Schoolhouse Rock composer Dave Frishburg has died, and the world is a darker place without him. Dave Frishburg was a jazz musician, a pianist, and a composer, “His wife April Magnusson told Deadline he had been battling an illness for several years. He was 88.” Frishburg taught a generation of children their times tables, civics, and grammar through the magic of Schoolhouse Rock on Saturday mornings on ABC between 1973 and 1985. Those children grew up and taught their own children the songs to help them remember facts about history, science, English, and math. His co-creator, Bob Dorough predeceased him in 2018.
David Lee Frishburg was born March 23, 1933 in St, Paul, Minnesota. He graduated from the University of Minnesota in 1955 with a degree in journalism, then joined the United States Air Force. He died November 17, 2021, in Portland, Oregon.
The best way to mourn a musician is to sing his songs. Therefore, this obituary includes YouTube videos of some of his more famous ones.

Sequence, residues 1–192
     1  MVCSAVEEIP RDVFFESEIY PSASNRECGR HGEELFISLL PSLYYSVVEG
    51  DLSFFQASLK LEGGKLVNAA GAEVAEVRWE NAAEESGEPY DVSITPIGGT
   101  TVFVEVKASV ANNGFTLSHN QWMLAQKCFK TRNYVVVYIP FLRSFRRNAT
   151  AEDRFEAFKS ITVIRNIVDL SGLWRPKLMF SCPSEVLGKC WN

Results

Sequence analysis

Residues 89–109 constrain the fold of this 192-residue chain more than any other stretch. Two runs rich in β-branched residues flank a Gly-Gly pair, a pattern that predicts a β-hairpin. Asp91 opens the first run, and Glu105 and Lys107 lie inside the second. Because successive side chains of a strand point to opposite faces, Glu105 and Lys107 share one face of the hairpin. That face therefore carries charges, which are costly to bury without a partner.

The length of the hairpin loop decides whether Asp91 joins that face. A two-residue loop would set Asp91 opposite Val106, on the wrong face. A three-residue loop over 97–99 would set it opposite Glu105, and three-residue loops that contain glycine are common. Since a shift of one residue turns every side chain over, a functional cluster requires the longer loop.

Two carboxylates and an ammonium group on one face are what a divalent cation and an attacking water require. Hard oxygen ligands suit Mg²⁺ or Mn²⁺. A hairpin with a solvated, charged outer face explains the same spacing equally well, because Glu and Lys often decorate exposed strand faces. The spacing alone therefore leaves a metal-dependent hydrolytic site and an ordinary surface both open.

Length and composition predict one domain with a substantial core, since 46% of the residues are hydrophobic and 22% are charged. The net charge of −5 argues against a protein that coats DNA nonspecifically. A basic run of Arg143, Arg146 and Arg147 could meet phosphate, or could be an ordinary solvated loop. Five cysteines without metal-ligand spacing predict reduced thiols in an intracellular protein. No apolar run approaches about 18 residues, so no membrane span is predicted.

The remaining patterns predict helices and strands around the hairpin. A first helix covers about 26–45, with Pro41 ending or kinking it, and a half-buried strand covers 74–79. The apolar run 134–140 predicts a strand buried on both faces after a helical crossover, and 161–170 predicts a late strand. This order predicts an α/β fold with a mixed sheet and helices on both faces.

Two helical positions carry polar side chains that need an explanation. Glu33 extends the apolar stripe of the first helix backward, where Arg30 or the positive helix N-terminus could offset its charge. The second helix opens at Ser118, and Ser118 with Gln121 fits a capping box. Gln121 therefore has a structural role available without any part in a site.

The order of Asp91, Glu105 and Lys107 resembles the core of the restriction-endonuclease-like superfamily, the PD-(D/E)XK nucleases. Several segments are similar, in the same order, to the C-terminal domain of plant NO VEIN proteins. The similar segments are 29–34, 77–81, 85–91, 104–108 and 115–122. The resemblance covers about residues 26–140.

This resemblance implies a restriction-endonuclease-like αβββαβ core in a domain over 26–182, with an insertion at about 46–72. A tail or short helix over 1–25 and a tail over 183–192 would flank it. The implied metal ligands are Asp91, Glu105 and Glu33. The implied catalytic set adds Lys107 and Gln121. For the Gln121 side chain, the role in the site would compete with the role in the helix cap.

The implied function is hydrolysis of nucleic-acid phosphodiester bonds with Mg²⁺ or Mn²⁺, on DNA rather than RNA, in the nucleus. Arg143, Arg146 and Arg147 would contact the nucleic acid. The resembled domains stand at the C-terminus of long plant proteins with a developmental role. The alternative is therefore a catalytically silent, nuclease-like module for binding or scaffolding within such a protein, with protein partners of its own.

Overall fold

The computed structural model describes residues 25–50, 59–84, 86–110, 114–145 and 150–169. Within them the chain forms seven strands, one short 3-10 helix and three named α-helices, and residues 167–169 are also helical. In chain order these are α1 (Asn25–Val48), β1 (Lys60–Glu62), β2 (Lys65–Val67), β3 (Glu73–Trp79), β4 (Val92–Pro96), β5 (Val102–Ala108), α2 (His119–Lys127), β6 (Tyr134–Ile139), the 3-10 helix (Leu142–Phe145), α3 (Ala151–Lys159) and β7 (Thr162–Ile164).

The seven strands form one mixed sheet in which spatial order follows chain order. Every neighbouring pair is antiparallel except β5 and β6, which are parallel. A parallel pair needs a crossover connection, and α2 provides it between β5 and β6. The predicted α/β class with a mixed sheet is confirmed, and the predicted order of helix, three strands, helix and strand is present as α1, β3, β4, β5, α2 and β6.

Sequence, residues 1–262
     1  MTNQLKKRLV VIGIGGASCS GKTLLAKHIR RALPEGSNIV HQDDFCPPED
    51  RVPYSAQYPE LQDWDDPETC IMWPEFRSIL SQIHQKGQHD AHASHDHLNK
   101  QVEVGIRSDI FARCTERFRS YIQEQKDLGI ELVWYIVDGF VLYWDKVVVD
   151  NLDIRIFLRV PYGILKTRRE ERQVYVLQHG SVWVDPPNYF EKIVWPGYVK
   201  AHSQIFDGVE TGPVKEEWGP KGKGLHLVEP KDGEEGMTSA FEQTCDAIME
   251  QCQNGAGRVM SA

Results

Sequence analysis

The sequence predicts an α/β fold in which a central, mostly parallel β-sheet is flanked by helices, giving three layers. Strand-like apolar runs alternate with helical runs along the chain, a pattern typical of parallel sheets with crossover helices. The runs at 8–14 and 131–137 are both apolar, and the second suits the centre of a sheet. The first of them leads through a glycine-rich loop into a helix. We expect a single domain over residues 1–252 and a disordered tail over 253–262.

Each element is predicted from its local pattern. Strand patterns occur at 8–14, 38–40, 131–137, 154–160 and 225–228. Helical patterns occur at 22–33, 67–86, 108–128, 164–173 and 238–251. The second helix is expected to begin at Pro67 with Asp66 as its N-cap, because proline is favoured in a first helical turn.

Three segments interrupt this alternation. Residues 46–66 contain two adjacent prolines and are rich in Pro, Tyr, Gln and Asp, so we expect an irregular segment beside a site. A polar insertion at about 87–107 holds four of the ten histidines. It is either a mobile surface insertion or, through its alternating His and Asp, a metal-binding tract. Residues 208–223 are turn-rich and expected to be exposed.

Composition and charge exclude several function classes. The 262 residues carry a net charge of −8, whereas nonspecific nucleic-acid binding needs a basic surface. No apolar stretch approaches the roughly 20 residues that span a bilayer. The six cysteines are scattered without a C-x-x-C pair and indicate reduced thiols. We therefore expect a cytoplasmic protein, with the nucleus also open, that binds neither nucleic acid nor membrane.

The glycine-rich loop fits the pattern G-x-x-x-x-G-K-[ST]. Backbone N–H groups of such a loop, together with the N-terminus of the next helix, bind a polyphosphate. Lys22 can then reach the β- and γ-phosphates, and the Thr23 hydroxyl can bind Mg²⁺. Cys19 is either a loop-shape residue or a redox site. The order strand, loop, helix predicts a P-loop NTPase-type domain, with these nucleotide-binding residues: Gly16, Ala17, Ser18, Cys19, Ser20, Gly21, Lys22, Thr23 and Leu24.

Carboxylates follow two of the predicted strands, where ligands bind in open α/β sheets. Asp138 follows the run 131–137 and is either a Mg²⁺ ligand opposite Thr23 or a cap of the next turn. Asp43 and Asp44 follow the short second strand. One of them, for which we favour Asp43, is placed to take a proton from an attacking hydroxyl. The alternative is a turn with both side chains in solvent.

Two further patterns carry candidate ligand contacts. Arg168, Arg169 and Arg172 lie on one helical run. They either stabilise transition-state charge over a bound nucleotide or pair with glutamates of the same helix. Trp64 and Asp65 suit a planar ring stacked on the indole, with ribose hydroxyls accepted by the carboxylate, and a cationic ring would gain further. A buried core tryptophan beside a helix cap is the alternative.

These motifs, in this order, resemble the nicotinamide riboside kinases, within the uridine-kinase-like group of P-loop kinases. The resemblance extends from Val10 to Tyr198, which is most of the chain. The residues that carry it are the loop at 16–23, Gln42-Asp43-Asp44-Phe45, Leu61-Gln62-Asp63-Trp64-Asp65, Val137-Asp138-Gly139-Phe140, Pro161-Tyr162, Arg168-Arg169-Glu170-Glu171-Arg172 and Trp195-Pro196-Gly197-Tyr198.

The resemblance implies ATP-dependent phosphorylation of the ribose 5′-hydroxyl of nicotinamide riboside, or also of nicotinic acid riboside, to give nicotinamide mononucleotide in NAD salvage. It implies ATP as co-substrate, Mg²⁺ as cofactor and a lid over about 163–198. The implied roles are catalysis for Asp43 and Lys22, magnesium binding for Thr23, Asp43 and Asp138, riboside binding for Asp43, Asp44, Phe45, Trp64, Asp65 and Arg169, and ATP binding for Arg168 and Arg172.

“Conjunction, Junction” may have been his most famous children’s song.
He also wrote “I’m Just a Bill,” which taught millions of children how government works.
One of his most popular songs for adults was “My attorney, Bernie,”
A llifelong baseball fan, and several of his songs reflect this. He was a member of the Society for American Baseball Research from 1984 to 2021. Van Lingle Mungo” consisted solely of the names of baseball players.
Frishburg was nominated for four Grammy awards as Best Jazz Vocals. As a pianist, he accompanied such greats as Billie Holiday, Rosemary Clooney, and Mel Torme. recorded 22 albums between 1970 and 2012.
He never won an Emmy, although he should have won dozens. His song “Baby Talk”from the movie Paternity (1981) “won” the Golden Raspberry Award for Worst Original Song.
David L. Frishburg may have moved on from this plane of existence, but his music will live for generations.
Susan Macdonald is the author of the children’s book “R is for Renaissance Faire”, as well as short stories in “Alternative Truths”, “Swords and Sorceress #30”, “Supernatural Colorado”, “Barbarian Crowns”, “Cat Tails””Under Western Stars”, and “Knee-High Drummond and the Durango Kid”. Her articles have appeared on SCIFI.radio’s web site, in The Inquisitr, and in The Millington Star. She enjoys Renaissance Faires (see book above), science fiction conventions, Highland Games, and Native American pow-wows.